This article was originally published by Coda Story.
By Amy Mackinnon
On a spring morning in 2008, two Belarusian television journalists took the elevator to the sixth floor of a residential block in Minsk. They work for Belarus’ only uncensored broadcaster, Belsat TV, and one of the apartments doubles as their office. Only a year old at the time, the channel was already winning a growing audience for its reports on corruption and intimidation in a country dubbed “Europe’s last dictatorship.”
As the elevator doors opened, plainclothes intelligence officers ambushed the journalists, demanding that they open the apartment door. The officers—agents of what is still known as the KGB, the Soviet-era name for Belarus’s secret services—forced one of the journalists, Michal Janczuk, to the ground, twisting his arm behind his back before ripping the keys from his hand. And once inside, the KGB men stripped the apartment of its camera and editing equipment. “They even took our forks,” recalls Sergei Kruchkou, the other journalist present that day. What neither Kruchkou nor Janczuk knew at the time was that the KGB were raiding the homes of dozens of Belsat’s reporters at the same time.
Janczuk and Kruchkou still work from the same apartment that the KGB raided nine years ago, and Belsat still faces constant harassment from authorities. But as Russian assertiveness roils Eastern Europe, the biggest threat to the channel’s future comes from the very state that has until now guaranteed its existence. The Polish government—on which the channel depends for most of its budget—is cancelling its contract with Belsat TV, in what is thought to be an effort to keep Belarus’ President, Alexander Lukashenko, on its side.
But here is the irony. The man called Europe’s last dictator has his own problems with Russia, especially with the impact of Moscow’s growing propaganda machine. And Belsat TV’s independent voice could help the Belarus government in countering it, according to Alesky Dzikawicki, the channel’s factual programming director. “In some ways, we are doing their job for them,” he says.
For almost 23 years, President Alexander Lukashenko has ruled Belarus with an iron grip. Much about the state resembles its Soviet past—even down to the persistence of collective farming. Dissent is scarcely tolerated and opposition politicians have been harassed or imprisoned or have disappeared altogether.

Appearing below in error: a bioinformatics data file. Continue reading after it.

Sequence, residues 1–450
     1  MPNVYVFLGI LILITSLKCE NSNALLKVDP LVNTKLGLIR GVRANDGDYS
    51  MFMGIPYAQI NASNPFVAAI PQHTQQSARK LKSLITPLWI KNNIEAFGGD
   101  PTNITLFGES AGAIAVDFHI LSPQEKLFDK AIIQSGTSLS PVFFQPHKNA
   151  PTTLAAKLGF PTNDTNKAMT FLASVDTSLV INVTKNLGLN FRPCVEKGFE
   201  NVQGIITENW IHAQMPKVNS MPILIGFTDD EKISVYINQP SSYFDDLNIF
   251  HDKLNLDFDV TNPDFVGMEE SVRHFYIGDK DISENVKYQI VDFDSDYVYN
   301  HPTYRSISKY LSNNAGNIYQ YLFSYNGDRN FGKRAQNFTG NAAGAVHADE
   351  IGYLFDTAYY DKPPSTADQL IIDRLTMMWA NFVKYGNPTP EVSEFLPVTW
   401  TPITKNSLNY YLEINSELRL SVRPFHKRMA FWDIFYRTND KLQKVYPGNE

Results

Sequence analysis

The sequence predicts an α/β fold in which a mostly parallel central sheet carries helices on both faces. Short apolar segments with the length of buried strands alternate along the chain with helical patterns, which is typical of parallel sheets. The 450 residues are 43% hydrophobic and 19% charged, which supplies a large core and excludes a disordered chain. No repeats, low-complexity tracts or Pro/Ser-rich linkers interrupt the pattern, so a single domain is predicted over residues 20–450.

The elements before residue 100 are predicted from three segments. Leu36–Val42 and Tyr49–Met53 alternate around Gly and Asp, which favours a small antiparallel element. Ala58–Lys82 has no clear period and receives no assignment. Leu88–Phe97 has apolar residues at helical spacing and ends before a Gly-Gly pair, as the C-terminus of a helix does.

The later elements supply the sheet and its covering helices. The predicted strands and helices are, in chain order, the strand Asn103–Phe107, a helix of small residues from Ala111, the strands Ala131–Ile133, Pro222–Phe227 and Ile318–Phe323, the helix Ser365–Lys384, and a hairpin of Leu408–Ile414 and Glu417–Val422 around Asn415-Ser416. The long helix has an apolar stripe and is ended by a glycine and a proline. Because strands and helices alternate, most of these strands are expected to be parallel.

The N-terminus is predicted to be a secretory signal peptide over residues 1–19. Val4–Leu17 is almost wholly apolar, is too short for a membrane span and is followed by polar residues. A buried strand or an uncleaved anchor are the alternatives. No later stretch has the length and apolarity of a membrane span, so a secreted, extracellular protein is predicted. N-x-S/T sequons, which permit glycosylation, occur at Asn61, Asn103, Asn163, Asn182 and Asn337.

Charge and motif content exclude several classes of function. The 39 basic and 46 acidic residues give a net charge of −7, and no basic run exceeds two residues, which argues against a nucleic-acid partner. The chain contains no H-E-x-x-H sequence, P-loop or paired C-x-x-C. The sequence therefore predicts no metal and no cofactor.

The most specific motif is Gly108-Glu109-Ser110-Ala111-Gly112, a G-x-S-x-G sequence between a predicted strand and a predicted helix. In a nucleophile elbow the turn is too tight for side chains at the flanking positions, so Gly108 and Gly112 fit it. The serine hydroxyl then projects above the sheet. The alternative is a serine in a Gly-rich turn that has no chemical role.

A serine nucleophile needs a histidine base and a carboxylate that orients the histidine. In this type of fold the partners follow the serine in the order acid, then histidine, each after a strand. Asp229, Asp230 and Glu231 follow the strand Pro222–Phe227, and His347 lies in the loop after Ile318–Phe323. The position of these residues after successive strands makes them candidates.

Since it was founded in 2007, Belsat TV has served as the only independent source of news in a country that the Committee to Protect Journalists has described as “one of the world’s most censored.” Through its satellite channel and online broadcasts, Belsat TV has lifted the lid on Belarus’s faltering economy and harassment of opposition politicians.
Denied accreditation by the Belarusian authorities, the network reports from Belarus but broadcasts from Warsaw—until now, they have technically been part of the Polish public broadcaster, Polish Television. Funding from the Polish Ministry of Foreign Affairs (MFA) accounts for about 80 percent of the channel’s $4.5 million annual budget.
Ties between Poland and Belarus go back centuries, but diplomatic relations have become strained since they pursued opposing paths following the collapse of communism. Unlike Belarus, Poland threw in its lot with the EU, free markets, and democracy.
Support for Belsat TV formed part of Warsaw’s broader support for democratic initiatives in Belarus. But in January 2017, the MFA terminated its contract with the channel.
It is not clear why the funding came to such an abrupt end. When asked about it, a spokesperson for the Polish MFA said that it was “a good time to modernize Belsat TV,” and suggested that a future model for the channel could be to build on the channel’s online broadcasting.
Janczuk however believes that Belsat TV is being sacrificed by Poland in a bid to keep Belarus’s president Alexander Lukashenko on its side.